Why China Is A Corporate Cybersecurity Nightmare

China Cybersecurity

Protecting corporate data is hard, no matter where you are. But in China, companies face even more cybersecurity challenges than elsewhere. Here’s why — and what to do about it:

  1. China’s workforce is young and inexperienced. In a recent labour market survey by the German Chamber of Commerce, more than 64% of companies said they considered insufficient work experience a problem when hiring local staff. Lack of work experience doesn’t just mean a lack of regular office tasks, but also a lack of experience handling corporate data and protecting it against hackers and nosey competitors. Even in countries with a mature workforce, compliance and data protection are major challenges — in China, it’s a cybersecurity nightmare.

  2. China’s workforce keeps quitting their job. Businesses in the PRC are dealing with an average staff turnover of 10-13 percent per year. Every single staff departure is a risk of loosing valuable information to a competitor. Moreeover, the newcomers hired to replace those who left are even more likely to cause a data breach until they are fully trained.

  3. China’s workforce loves technology. While a love for innovative tech is a great asset, the enthusiastic use of Wechat, Baidu Cloud, QQ, and similar products for business creates a whole new range of cybersecurity risks for employers. Personal devices are difficult to secure, easy to loose, and impossible to control when an employee leaves the company and takes valuable contacts and content with them.

  4. China runs more outdated software than most other countries. About one in five computers in China is still running Windows XP, a version that has not received regular security updates for years. That’s 19 percent of all personal computers, according to an assessment by Baidu, compared to a global average of 7 percent. This vast amount of outdated software is one reason why China suffered particularly badly from recent ransomware attacks. For companies, every machine running outdated software is a potential source of cyberattacks. Computers running outdated software that employees use at home are easy targets to obtain access to company accounts. And if staff brings personal devices with known vulnerabilities to the office, they make it easier for hackers to penetrate the corporate network.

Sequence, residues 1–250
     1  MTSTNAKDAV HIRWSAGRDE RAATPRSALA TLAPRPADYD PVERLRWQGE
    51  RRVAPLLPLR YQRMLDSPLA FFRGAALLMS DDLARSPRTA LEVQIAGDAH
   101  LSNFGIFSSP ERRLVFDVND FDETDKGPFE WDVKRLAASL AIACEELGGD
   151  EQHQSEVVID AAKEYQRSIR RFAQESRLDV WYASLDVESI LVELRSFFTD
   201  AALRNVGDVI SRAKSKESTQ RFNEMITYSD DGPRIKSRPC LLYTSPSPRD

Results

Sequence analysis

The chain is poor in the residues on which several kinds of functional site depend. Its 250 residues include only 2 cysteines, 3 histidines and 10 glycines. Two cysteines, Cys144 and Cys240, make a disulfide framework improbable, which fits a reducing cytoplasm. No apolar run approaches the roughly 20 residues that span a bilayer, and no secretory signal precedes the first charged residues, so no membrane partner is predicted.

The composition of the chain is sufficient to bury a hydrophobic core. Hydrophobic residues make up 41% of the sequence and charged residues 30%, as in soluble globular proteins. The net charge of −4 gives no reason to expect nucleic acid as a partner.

All four of these challenges have one thing in common: They can’t be fixed by technology alone. The missing piece to effectively protect corporate information from targeted attacks is to invest in your staff — helping your teams do the right thing, knowing not to click that malicious link, not open that ransomware attachment, not loose that laptop full of sensitive files, not share that crucial document on their personal account, and definitely not keep company files at home after leaving the team. Most data breaches happen because insufficiently trained employees inadvertently help hackers break into corporate computers. In China’s particularly challenging security landscape, every RMB spent to harden the human defense parameter around your network counts quadruple.

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